Playwright-director Emily Mann has built a career that many dream about, but few attain. She’s the author of a plethora of critically acclaimed plays, including Having Our Say (about the Delany sisters), which ran on Broadway in 1995, earning her Tony nods as both the playwright and director. There are the illustrious stage actors she’s directed over the years, including Mary Alice, Jane Alexander, Amanda Plummer, Rosemary Harris, Donna Murphy and the late Brian Murray. The Harvard grad has been showered with laurels, such as the Helen Merrill Distinguished Playwrights’ Award, the Margo Jones Award, multiple Drama Desk and Outer Critics Circle nominations and an honorary doctorate from Princeton University. Mann has entered her 28th season as artistic director of the Tony-winning McCarter Theatre Center (which is also in Princeton), and her latest play, Gloria: A Life, about feminist icon Gloria Steinem, opens Off-Broadway on Oct. 18 at The Daryl Roth Theatre. Mann feels a special affinity for this piece, which stars Oscar nominee Christine Lahti and is directed by Tony-winner Diane Paulus. It is, Mann told me, a candid portrait of one of her heroes. This interview is lightly edited for clarity and style.
Iris Dorbian: How did you get involved with this project?
Emily Mann: About four years ago, I got a call from [actress-producer] Kathy Najimy who said, “We’re thinking of doing a play on Gloria Steinem’s life. It’s a commission from Lincoln Center. Gloria and I would love for you to write it.” It took me all of two seconds to say yes. They had gone to [producer] Daryl Roth first, and it was Daryl who said, “Let’s take it to Lincoln Center.” We started a wonderful collaboration with [Artistic Director] Andre Bishop and Anne Cattaneo, the dramaturg there. I started to research, meet with Gloria, and write.
ID: How much of Steinem’s life does it cover?
EM: A good part of it. It’s only an hour and 20 minutes long. She’s 84 years old now. It covers the long line from childhood to now. We spent a lot of time on the 1970s.
ID: What did you use for source material?
EM: I spent two long interviews with Gloria and started to read everything she published in terms of books. I went online and looked at articles. I spent a lot of time diving into this rich and amazing life, and public life. What was wonderful is that later she wrote more personally. Meeting with her she also shared a lot of personal information.
ID: So this is an honest portrait that accurately depicts Steinem’s flaws?
EM: Warts and all. Gloria knows that by sharing your story not only can you heal but you can help others. You’re not crazy and you’re not alone and then you find new ways to go on. A lot of people don’t know the harder things that Gloria has had to live through and she’s had to come through the other side. The whole play is this one talking circle.
ID: What is that?
EM: In ancient cultures, it’s the Gandhian way of making political change. Mahatma Gandhi affected change by sitting in a circle, talking and reaching consensus. It’s also sharing what’s going on and moving forward. All of the great social movements started with talking circles. The feminist movement is a great example of it. People would get up and say what’s happening and others would respond and help them move forward.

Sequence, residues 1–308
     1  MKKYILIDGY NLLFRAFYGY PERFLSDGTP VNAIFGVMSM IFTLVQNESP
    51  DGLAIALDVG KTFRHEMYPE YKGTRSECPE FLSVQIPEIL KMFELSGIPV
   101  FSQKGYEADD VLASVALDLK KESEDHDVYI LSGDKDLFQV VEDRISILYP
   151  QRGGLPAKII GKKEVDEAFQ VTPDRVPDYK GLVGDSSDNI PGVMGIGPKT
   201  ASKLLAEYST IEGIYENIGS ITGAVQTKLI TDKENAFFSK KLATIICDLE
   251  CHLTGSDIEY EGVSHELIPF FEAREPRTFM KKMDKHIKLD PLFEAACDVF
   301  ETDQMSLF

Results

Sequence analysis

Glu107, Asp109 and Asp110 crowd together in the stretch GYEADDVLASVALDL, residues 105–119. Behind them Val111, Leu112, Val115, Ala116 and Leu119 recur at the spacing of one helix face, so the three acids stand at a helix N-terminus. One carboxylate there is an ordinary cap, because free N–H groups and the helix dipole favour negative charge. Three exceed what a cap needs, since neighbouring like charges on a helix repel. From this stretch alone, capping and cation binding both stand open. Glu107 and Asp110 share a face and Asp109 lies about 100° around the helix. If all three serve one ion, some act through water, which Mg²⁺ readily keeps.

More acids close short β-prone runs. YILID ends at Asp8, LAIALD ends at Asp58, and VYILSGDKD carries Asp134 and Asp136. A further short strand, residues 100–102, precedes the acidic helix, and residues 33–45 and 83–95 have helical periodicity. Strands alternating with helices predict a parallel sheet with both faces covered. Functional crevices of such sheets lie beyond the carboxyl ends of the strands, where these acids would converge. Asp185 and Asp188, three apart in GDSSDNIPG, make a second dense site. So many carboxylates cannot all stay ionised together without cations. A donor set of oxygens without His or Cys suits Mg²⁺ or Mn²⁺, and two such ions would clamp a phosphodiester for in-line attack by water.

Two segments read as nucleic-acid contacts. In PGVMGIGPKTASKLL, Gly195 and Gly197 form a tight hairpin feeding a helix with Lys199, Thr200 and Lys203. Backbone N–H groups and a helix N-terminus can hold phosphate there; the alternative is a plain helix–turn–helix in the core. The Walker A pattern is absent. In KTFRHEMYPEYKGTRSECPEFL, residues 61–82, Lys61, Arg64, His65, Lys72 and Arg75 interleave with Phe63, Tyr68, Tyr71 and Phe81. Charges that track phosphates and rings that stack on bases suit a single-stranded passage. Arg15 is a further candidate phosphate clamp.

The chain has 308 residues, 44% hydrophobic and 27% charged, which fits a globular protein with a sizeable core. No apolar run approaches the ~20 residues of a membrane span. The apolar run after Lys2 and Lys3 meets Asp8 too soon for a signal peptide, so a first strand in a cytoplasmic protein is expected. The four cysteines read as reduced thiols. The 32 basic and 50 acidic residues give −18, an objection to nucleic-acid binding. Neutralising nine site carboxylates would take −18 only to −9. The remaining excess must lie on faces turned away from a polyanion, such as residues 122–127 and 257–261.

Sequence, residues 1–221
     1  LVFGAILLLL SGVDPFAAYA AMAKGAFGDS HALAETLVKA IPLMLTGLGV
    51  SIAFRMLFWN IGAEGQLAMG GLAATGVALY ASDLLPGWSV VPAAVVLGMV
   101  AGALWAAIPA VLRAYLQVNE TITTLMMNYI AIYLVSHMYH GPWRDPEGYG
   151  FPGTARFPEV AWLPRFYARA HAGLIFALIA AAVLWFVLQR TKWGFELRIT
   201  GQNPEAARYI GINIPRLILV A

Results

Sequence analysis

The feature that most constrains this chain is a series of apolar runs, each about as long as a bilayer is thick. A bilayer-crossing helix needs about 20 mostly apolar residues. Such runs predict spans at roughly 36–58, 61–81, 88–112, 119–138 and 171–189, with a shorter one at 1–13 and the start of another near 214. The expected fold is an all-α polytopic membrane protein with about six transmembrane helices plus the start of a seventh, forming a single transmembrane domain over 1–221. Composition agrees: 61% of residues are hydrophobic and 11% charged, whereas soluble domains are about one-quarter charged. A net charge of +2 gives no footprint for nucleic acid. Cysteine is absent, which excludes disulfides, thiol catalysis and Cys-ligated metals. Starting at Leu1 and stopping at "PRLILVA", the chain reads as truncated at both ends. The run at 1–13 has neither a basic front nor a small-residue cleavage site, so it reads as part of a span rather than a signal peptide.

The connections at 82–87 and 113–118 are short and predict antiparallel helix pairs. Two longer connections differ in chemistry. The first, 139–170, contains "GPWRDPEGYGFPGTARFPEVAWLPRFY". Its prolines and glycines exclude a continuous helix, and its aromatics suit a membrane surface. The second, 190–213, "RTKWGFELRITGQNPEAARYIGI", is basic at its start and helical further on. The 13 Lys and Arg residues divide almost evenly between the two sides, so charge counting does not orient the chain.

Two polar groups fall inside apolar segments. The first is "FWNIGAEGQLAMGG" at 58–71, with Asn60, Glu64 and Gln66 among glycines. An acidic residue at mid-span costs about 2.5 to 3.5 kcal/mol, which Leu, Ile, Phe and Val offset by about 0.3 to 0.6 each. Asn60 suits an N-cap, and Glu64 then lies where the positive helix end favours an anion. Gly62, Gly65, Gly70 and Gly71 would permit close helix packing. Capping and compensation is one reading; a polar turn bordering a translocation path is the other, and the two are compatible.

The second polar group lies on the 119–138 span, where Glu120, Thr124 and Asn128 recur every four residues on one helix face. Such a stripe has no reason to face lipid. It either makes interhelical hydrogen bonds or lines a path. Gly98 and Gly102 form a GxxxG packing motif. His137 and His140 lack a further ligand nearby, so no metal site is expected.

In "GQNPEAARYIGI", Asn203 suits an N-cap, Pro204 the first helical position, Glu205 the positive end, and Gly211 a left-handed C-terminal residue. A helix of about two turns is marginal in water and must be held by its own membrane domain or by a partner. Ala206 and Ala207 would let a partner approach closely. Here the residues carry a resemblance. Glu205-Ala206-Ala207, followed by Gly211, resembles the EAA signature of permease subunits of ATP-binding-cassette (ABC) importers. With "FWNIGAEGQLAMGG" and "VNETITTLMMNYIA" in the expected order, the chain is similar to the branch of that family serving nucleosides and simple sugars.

ID: During your research, what surprised you most about Steinem?
EM: How funny she is! How warm she is. How well she listens. She someone’s who understands what deep listening is. It’s one of her greatest strengths. That was huge for me to discover. The other thing was her mother had a nervous breakdown when she was little and how important that relationship was in terms of her wanting to save other women from her mother’s fate. Gloria grew up from 11 to 17 taking care of her invalid mother in a working-class neighborhood in Toledo, in a house that was condemned, with little heat and with rats.
ID: Was there a central challenge to create this play?
EM: Once Gloria decided she wasn’t going to play herself, the question was, “What is the event?” When Diane Paulus came on board, she said what we needed was an ensemble to play the story. I had a play that was a simple sharing, like Springsteen On Broadway. It was now activated to scenes and ensemble, so it’s become very different. It’s morphed into a whole new theatrical experience, and that’s been thrilling and very hard. But a complete joy to do.
ID: How did Diane Paulus and Christine Lahti get involved?
EM: I’ve been a great admirer of Diane. I suggested her, and both Daryl and Andre were excited by that idea — she came on when we were at Lincoln Center. We did a workshop. Then Christine Lahti came on when we were doing the production. She’s also one of Gloria’s great friends. She’s so right for it, and she so wanted to do it. It’s thrilling to be a woman with an all-women production. It’s all women in the cast, women designers, female producers, a female playwright and director.
ID: What do you want the audience to come away with when they see the play?
EM: I’m hoping they will find in Gloria’s life an inspiration for them to become active and that no life is easy. Gloria’s deeply human. She is flawed, like all of us. She’s no more or less flawed than you or I, and the play shows her struggles. She’s gone through a lot in her life and she’s made a great contribution. I’m also hoping that in the second act when they have a talking circle, we’ll get people to be active in this dark time.